Moreover, Cancer can be cured by eating kleci potatoes. Its Latin name is Coleus Tuberosus. This tubers should be boiled with its skin. According to research in the laboratory, the cuticle layer content of Antioxidants Ursolic Acid (UA) and Oleanolic Acid (OA) which in fact can tame the tumor. These important findings have been published in three major journals: The International Food Research Journal, African Journal of Food Science, and Journal of Medicinal Plants Research (2012).

Furthermore, in terms of treatment the tuber crops are also much easier. It is especially while compared to rice or wheat. Both of these plants are the water intake. While the tubers can be survive in the dry season. They experienced a period of dormancy or break for a while. However, once the rainy season comes, they can quickly grow back and ready to be harvested.

Agus Purwanto, one of the village youth also described an interesting fact. Most of the plants provide the tubers / roots, stems, and leaves for human being. Garut tubers can stop diarrhea because it is rich of fiber. Uniquely, the taro / talas stems are also beneficial. According to the Indian researchers who had been visited there, if we boiled and ate taro stems, that can lower the cholesterol levels in our body. Moreover, the new leaves of bamboo tree can be made into delicious chips also.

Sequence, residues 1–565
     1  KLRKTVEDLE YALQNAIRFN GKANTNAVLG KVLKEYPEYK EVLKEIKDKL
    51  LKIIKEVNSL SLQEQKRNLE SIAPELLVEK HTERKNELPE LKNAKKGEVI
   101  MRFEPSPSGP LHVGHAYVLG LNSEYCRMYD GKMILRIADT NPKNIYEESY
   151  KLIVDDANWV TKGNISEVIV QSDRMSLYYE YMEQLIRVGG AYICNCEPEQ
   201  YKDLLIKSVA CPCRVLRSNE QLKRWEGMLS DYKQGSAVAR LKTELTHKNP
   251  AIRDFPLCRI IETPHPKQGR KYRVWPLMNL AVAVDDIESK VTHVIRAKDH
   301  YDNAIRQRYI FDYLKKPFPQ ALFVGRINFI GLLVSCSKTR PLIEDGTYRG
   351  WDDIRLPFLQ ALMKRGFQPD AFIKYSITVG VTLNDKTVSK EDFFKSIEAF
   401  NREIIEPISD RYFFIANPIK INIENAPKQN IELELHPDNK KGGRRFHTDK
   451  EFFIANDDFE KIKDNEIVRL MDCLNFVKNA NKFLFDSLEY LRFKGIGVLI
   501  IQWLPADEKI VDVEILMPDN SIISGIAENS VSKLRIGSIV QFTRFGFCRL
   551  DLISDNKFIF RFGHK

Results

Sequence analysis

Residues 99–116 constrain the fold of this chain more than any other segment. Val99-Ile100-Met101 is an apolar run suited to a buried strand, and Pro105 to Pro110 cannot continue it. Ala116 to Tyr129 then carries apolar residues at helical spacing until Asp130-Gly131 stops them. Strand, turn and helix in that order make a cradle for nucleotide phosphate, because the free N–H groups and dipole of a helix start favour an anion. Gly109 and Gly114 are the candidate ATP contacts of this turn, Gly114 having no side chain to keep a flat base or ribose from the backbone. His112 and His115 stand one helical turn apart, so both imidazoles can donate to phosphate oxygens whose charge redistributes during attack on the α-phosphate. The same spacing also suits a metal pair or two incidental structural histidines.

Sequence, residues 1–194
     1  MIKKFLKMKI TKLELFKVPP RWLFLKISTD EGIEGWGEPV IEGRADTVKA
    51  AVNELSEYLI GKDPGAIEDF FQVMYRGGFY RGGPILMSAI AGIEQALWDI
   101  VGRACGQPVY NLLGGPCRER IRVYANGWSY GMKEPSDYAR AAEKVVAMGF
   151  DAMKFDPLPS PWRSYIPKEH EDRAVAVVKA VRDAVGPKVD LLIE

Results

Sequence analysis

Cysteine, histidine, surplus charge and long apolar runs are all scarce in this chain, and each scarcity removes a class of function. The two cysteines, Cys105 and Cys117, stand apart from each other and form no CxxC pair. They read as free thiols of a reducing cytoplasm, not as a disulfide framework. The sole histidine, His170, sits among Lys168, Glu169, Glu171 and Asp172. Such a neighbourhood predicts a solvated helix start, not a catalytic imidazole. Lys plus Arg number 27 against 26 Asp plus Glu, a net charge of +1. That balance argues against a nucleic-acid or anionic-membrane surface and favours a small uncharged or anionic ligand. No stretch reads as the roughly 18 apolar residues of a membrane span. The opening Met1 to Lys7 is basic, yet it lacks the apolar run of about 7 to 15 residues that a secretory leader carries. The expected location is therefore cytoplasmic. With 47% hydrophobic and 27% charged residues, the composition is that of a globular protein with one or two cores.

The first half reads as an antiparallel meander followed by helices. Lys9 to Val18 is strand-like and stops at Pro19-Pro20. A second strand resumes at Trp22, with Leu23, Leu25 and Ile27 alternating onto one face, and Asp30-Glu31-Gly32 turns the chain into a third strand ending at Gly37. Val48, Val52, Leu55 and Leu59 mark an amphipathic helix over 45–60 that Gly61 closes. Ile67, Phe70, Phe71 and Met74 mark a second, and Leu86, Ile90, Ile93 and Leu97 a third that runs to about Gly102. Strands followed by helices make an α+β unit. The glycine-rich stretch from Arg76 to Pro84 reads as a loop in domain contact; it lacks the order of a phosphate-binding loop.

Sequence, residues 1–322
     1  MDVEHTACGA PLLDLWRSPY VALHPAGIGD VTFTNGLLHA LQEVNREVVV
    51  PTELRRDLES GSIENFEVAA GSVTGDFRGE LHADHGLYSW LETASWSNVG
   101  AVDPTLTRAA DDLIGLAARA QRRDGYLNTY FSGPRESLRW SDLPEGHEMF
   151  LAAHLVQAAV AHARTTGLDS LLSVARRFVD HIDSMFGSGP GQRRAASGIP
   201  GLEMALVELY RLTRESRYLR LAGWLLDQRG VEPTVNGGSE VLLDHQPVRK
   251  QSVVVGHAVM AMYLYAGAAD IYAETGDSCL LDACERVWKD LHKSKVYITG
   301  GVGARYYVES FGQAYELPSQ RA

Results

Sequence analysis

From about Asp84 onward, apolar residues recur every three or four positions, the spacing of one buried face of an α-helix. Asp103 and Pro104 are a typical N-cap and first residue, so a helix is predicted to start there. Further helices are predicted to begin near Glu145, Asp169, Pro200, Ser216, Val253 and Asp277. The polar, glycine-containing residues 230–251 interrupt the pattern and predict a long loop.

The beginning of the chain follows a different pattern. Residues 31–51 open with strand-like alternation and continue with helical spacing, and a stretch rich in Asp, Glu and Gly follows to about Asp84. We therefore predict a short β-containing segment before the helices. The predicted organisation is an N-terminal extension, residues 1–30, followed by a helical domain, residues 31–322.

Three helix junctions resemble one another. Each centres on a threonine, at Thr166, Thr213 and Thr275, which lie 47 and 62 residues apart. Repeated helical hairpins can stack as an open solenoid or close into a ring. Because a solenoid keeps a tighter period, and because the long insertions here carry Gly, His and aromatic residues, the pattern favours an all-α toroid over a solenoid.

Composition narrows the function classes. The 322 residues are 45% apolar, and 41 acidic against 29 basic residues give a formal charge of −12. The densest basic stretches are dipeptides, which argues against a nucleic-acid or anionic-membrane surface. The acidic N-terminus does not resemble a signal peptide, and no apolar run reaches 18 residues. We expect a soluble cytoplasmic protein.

Indeed, if we cultivate our local potential creatively, this nation will not suffer from hunger. Let’s promote the consumption of tubers in our respective environments. It can fulfill our daily needs, as well as to preserve natural heritage for the future generation. Therefore, our grandchildren can still eat healthy foods and enjoy the nature beauty. (T. Nugroho Angkasa S.Pd, an English teacher at Angon Natural School, Yogyakarta, Indonesia)

The Science Behind Aquaponics Food Production System

Aquaponics is an innovative and growing industry in which plants and aquatic animals are grown by providing them the symbiotic environment in a recirculating system. It stimulates our real life eco system. The basic instruction and proper guideline must be followed to run the system. The plants and fish species should be selected according to the area climate. The existence of this unique food production system comes into being by the existence of two sub system. To understand Aquaponics’ real meaning, we need to understand the following sub systems • Aquaculture • Hydroponics